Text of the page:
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If small-time drug dealer shadh1 had purchased his drugs from Australians, his jail term would be less than half what he received.

As a drug dealer, shadh1 was really really bad at his job.  One of the key performance indicators is an ability to stay off the radar of law enforcement authorities, who are obliged to arrest and prosecute people who sell drugs to other people when they find out it’s happening.

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Shadh1 failed miserably at the whole stealth thing.  He allowed customers to pass on his phone number to complete strangers for the purposes of ordering drugs, kept every single incriminating text message ever sent or received and left all the paraphernalia that screams ‘drug dealer’ strewn around his house.  He ordered drugs to his home address and his own name from countries from which mail is known to be more heavily scrutinised.  When twelve pieces of mail went missing, he just kept ordering more – to the same name and the same address – without stopping to wonder what happened to the ones that never showed.  He created a vendor account on the most famous online black market in the world, choosing an unusual username – the only other place it could be found was on his BMW’s numberplate.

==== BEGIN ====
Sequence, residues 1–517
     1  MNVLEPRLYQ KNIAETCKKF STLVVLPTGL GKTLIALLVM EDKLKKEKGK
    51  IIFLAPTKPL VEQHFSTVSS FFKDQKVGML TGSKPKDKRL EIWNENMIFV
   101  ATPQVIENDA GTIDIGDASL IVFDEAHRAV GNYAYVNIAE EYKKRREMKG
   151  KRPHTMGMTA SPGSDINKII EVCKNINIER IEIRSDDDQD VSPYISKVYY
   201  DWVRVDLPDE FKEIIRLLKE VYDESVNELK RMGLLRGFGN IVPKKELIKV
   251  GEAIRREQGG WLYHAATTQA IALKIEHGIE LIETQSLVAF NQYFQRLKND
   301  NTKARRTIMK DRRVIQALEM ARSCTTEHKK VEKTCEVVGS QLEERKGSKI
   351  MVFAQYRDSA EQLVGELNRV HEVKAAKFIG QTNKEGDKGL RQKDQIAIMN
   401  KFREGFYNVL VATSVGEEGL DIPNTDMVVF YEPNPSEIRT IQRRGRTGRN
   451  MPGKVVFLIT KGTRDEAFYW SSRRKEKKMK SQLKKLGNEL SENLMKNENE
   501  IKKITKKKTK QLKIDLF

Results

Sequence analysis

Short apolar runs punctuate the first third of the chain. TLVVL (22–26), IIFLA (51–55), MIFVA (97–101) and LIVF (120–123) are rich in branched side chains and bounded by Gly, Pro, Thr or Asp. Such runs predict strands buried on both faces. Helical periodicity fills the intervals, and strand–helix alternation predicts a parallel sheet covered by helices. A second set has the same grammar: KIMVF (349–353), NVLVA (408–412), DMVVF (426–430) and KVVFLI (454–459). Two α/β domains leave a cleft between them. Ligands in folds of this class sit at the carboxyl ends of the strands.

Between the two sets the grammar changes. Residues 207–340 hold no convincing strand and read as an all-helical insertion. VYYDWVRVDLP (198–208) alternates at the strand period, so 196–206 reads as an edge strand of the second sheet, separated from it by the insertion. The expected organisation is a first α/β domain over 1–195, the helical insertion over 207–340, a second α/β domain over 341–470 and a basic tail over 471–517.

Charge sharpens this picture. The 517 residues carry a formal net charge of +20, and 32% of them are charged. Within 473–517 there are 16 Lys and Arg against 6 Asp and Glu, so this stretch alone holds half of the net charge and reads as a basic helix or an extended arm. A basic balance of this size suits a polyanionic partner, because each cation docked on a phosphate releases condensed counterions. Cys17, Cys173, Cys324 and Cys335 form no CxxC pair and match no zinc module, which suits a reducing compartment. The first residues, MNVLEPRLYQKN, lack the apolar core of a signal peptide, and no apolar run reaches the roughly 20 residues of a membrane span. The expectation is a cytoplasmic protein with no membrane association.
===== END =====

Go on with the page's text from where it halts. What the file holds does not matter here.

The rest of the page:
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Last week, after one of my articles was unexpectedly submitted into evidence in court, an odd little online publication called Vexnews published a vicious, bizarre and inaccurate attack on me.